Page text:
Procedure Energizes Patient With Chronic Lung Disease

By Kelly Gardner

UAMS’ Thaddeus Bartter, M.D., explains how trans-tracheal oxygen (TTO) can help people like Bob  Anderson (right) live with chronic lung diseases.

Recurring bouts of pneumonia led to a lung cancer diagnosis one month after he retired, and he developed chronic obstructive pulmonary disease (COPD) and chronic bronchitis.

Radiation treatment further reduced his lung function in his upper left lobe, and he was given supplemental oxygen through a nasal tube that fastened around his ears. The device had its drawbacks; the tubing wore blisters on his nose, upper lip and ears, and it couldn’t deliver enough oxygen to allow the 67-year-old a more active lifestyle.

His oncologist in Hot Springs referred him to Bartter, who told Anderson about trans-tracheal oxygen (TTO), which delivers oxygen directly into the windpipe through a small hole in the lower part of the neck.

“By delivering oxygen directly into the windpipe, patients get a larger dose of oxygen with each breath and with less effort,” said Bartter, one of only two physicians in Arkansas providing TTO treatment. “Most patients feel better and have less shortness of breath.”

Bob Anderson’s oxygen needs are now supplied by a small portable oxygen tank which allows him to be more mobile.

Bob Anderson’s oxygen needs are now supplied  by a small portable oxygen tank, which allows him to be more mobile.

When Bartter broached the idea of the TTO procedure, Anderson researched it and decided it was the best alternative. In addition to improving his ability to breathe, the small hole in his neck can be hidden by a buttoned shirt. His oxygen needs are supplied by a small portable oxygen tank which allows him to be mobile.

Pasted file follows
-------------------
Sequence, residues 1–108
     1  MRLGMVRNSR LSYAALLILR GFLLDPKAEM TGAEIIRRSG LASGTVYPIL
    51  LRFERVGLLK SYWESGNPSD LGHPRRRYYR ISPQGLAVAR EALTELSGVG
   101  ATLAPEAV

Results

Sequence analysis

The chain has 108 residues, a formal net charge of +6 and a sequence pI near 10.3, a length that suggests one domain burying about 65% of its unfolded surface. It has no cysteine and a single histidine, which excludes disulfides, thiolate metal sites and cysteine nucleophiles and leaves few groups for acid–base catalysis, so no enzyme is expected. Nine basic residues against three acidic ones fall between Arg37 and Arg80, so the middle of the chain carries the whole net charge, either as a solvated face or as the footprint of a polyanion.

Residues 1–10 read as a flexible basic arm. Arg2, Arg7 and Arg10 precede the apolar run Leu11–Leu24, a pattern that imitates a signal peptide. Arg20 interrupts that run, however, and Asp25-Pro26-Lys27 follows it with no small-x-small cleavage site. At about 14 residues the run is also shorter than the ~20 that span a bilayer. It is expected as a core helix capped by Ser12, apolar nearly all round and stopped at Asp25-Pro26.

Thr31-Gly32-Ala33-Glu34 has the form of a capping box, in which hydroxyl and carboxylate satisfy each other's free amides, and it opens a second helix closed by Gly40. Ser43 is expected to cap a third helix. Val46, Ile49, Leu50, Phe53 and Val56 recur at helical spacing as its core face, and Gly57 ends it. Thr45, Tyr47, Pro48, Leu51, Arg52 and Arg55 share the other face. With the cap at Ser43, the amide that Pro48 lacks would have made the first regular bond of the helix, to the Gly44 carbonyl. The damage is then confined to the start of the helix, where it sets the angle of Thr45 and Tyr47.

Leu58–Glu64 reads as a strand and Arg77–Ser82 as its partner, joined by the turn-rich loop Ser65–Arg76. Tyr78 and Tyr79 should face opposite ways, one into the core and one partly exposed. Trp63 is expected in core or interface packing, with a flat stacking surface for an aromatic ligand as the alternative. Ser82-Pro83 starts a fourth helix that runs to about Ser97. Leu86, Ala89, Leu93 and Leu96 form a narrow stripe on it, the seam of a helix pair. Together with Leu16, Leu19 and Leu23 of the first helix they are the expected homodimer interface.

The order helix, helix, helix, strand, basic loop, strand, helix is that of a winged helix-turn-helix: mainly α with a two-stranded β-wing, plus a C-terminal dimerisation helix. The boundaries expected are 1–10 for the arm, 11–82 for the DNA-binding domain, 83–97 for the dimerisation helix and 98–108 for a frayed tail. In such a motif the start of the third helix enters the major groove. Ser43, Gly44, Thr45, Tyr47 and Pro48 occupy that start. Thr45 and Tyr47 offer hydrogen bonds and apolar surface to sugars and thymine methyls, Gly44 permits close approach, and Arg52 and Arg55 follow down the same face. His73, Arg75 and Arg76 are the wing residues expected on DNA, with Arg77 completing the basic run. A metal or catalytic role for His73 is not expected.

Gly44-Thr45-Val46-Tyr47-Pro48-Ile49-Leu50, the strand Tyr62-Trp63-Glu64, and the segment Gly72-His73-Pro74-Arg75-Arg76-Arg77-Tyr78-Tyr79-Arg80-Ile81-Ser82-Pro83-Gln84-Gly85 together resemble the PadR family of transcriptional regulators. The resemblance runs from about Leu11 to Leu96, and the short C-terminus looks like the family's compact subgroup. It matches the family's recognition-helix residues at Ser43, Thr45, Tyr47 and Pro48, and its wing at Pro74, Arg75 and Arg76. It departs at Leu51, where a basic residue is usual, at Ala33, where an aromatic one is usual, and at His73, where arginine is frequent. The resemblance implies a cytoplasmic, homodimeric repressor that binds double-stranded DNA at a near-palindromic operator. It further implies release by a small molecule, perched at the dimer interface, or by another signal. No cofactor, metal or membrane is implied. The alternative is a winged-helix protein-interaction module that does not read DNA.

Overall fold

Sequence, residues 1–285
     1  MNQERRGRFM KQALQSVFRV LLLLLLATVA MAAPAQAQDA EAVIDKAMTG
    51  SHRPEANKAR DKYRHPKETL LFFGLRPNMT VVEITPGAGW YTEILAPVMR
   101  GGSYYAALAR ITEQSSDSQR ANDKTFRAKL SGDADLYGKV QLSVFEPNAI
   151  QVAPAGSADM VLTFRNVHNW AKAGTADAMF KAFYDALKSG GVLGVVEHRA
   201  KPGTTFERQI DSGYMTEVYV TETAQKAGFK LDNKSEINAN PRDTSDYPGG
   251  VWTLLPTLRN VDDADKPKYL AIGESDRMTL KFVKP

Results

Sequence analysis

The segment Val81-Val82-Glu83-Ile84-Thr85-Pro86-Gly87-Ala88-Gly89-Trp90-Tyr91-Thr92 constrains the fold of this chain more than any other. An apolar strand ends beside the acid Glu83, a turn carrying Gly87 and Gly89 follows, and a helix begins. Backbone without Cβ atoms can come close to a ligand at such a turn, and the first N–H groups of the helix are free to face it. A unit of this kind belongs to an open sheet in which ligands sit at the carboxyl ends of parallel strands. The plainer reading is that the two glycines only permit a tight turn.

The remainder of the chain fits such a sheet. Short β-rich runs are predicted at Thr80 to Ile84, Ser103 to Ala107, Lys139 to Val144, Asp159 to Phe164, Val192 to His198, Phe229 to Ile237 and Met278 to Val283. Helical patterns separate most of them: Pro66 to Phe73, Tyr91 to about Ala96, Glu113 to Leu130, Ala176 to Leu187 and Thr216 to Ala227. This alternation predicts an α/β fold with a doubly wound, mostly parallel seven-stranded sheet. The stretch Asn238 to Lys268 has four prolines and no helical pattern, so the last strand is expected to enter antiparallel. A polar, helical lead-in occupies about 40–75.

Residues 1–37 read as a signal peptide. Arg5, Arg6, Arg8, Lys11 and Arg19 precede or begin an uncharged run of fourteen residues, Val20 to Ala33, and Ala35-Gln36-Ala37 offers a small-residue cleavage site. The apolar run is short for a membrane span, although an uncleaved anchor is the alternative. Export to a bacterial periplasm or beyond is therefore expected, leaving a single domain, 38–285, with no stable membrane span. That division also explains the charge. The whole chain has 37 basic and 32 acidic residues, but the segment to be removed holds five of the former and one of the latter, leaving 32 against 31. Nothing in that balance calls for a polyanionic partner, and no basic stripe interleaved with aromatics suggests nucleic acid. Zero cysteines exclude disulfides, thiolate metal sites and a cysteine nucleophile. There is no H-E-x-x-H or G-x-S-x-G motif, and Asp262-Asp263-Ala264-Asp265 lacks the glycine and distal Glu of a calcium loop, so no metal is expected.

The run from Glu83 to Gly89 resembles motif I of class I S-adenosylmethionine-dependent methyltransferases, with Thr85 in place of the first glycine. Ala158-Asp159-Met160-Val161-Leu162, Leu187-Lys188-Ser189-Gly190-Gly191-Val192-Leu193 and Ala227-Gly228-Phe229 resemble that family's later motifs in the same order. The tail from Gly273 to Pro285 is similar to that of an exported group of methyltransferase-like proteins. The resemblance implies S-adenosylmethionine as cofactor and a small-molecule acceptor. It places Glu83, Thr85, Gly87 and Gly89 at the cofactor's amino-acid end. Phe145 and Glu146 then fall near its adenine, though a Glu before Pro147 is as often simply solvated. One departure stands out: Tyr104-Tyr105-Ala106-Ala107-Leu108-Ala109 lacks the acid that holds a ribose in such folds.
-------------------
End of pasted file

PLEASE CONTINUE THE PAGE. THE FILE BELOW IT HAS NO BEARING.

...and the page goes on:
Bartter performed the TTO outpatient procedure on Anderson in March. A month later, Anderson reported dramatic improvement. His oxygen use while resting decreased 75 percent, and it decreased 25 percent while being more physically active.

“I expect that my oxygen use during physical exertion will decrease even more because the TTO allows me to be more vigorous when I’m exercising,” said Anderson, who was a heavy smoker for about 35 years until he quit 12 years ago. “The exercise is toning my muscles, which decreases the need for oxygen.”

Anderson retired from the Little Rock Police Department in 1988, and he and his wife, Mary, spent 10 years as independent over-the-road truck drivers. Today Anderson enjoys gardening at his home in Oden in southwestern Arkansas and playing his steel guitar with friends and at church.

“My only regret is that I didn’t have this done a lot sooner,” he said. “I noticed that when I sleep with this I get better rest; I feel better in the morning and my energy level is better. I can do a lot more.”

Bartter provides TTO to one or two patients a month but believes there are many more Arkansans who could benefit.

“This can change peoples’ lives,” he said.